Cue a 26-year-old male. Brown hair parted to the left with a face that both mothers and daughters can agree on. He’s getting ready for his work job selling advertising space for a mid-sized website.
Let’s call him Peter.
Peter grabs a light blue dress shirt, snapping it in the air a few times. He doesn’t remember exactly when he stopped ironing his dress shirts before work. It wasn’t a conscious decision. He just grabbed the iron one morning, stared at it for a few moments, and put it back in the closet.
In the grand scheme of things, wrinkles just didn’t seem worth the time.
An A- student in college and the editor-in-chief of the university newspaper, Peter had big plans as he crossed the graduation stage to be a journalist, maybe an editor, at the city newspaper. His dream was to write stories that matter, to highlight the good going on in the world instead of the bad.
Everyone knew Peter would make it.
Through a friend’s dad he was able to land an internship. He worked hard, started getting a few small assignments… He could see some light breaking on his dream. He even landed his first big interview with the mayor.
Then, his whole department was laid off.
Cue Peter, scrambling to find a job anywhere. Cue Peter, selling advertising space instead of sharing stories that can change the world. Cue vague memories of the last two years, each day blending together in a kaleidoscope of monotony.
The Looming Question
Peter can’t really complain about his job. Oh, he used too. Every day. But not now; he’s settled in. He has a good wage. He gets good hours. He works for a good boss. He sits in a good corner cubicle and if he leans backward far enough and to the left, he can just see the window and the top branches of an elm tree. His dreams of being a journalist have slowly died. But his 401k is alive and well.
But as he loops his tie this morning and cinches the knot, his hands stop. He stares into the mirror, his eyes locking like two spies trying to tell if the other is lying, or telling the truth. Then THE QUESTION hits him. The one that he’s been avoiding. He wants to run from it even now, but it’s caught him like a tuna in a net.
What am I doing with my life?
There. He’s said it.
He has a good wage at a good job. But it is monotonous, meaningless, mundane…
“My life was supposed to matter,” he says to the mirror. “To have an impact. To do something worth doing.”
Our generation’s greatest fear has gripped him tight this morning and is not letting go.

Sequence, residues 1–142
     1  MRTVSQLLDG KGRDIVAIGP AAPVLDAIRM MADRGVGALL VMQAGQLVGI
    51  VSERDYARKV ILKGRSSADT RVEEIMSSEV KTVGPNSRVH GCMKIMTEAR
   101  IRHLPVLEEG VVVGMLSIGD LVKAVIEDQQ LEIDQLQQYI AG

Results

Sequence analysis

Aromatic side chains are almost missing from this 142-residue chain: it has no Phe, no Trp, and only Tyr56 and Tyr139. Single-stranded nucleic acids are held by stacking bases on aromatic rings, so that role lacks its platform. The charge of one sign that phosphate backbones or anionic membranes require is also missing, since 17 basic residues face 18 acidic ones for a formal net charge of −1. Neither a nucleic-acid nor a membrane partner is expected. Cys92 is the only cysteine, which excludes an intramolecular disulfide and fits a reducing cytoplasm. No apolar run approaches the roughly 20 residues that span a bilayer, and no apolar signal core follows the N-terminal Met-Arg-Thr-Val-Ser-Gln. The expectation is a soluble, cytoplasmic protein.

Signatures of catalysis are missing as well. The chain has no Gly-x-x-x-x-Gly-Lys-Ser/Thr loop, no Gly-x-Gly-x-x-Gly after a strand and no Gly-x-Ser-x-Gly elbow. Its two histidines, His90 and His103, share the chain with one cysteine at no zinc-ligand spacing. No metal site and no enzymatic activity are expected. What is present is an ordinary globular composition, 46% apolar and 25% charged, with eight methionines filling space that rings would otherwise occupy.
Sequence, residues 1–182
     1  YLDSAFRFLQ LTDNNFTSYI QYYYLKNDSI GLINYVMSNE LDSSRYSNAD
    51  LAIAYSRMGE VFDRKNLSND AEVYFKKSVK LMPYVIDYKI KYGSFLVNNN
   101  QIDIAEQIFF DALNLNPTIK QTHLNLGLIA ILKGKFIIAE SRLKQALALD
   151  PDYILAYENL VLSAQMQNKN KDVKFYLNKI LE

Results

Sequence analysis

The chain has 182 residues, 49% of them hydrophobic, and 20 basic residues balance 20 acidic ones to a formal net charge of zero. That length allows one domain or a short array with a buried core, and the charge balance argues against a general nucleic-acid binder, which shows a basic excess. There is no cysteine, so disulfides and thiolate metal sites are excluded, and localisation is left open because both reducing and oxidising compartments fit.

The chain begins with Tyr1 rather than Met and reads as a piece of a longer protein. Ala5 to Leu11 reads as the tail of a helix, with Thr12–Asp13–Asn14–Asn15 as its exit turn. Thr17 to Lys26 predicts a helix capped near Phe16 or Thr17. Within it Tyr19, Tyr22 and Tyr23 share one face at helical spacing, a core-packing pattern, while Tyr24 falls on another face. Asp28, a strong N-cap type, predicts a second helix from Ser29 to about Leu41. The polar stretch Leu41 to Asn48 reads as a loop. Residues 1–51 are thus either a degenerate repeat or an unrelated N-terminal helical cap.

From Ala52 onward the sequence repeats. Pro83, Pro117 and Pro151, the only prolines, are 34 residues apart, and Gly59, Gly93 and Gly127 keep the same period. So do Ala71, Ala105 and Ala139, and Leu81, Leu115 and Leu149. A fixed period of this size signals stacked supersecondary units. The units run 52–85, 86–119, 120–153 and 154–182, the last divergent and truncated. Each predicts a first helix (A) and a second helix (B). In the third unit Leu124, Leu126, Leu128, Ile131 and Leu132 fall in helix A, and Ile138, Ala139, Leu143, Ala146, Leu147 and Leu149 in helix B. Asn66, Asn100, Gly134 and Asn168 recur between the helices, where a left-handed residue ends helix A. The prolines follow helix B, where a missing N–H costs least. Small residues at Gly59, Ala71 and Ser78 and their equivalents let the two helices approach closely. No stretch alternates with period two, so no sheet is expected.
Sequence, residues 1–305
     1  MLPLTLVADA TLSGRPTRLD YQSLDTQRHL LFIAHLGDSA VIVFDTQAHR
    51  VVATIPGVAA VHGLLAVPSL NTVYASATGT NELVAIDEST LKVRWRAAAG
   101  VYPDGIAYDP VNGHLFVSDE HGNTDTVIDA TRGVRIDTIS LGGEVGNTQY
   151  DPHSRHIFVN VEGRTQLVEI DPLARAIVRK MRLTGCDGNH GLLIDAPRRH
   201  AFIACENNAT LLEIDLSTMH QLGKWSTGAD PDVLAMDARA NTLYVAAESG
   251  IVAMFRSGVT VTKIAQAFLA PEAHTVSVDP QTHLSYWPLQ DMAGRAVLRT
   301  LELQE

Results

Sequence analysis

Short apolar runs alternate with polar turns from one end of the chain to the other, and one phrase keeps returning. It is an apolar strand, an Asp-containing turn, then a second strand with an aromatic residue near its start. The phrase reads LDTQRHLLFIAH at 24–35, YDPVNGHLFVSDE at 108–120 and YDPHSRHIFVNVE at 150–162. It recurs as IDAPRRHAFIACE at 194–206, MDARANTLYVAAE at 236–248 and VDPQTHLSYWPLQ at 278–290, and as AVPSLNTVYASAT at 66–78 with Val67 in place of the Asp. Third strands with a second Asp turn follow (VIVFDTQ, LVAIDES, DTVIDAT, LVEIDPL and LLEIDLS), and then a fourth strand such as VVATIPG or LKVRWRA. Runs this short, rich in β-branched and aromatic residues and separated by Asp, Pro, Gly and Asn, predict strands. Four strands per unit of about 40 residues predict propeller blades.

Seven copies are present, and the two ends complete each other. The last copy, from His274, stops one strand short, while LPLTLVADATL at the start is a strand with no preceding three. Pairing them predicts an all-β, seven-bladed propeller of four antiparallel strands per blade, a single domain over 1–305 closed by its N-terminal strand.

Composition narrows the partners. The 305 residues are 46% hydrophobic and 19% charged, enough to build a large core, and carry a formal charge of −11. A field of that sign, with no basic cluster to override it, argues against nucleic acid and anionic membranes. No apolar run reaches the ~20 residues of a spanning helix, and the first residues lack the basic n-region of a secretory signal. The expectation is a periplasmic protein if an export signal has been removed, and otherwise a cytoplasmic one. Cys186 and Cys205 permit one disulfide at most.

That fear? Insignificance.
Peter’s story is my story.
And maybe it’s yours. Sure the details are different, but I believe insignificance is the monster looming in the back of our generation’s closet. You could call that entitlement. Self-absorption. Narcissism. Or could call it the dreams of the young. Call it our search for meaning. Call it a commitment to finding our passion. Call it Nancy, Fred, or Jack and the Giant Beanstock.
However you want to name it, I don’t believe this generation is satisfied with good. With comfortable. With 401k’s, bonuses, the corner office, or climbing the ladder. This generation is not motivated solely by external perks. Our generation is motivated by significance. We’re motivated not by sounding important, but by actually doing something important.
We don’t want a powerful title. We want to fulfill a purpose.
I don’t want my life to begin and end in status quo. I don’t want to push paper in a cubicle and call it my lot.
But will I be all right if what God deems significant looks downright insignificant to me? What if significance carries with it no accolades, billboards, or a feel-good movie of the year? What if I toil and no one gives a rat’s behind?
Will I have the courage to find meaning in the seemingly mundane?
Will I be willing to dream in the big, while being faithful in the small?
I believe this fear of insignificance could be our generation’s greatest strength. It will motivate us to let go, to push through barriers, to break the impossible into pieces, if we can find significance in the insignificant.
Have you ever settled for a routine in your life instead of choosing to do something more significant? What fears were holding you back? What are doing now to pursue God’s purpose for your life?
Paul Angone is the creator of AllGroanUp.com – a collaborative community for Gen Y in-between growing and grown. His upcoming debut book All Groan Up: Searching for Self, Faith, and a Freaking Job! has been described as “Donald Miller meets Office Space.” Find Paul at @PaulAngone.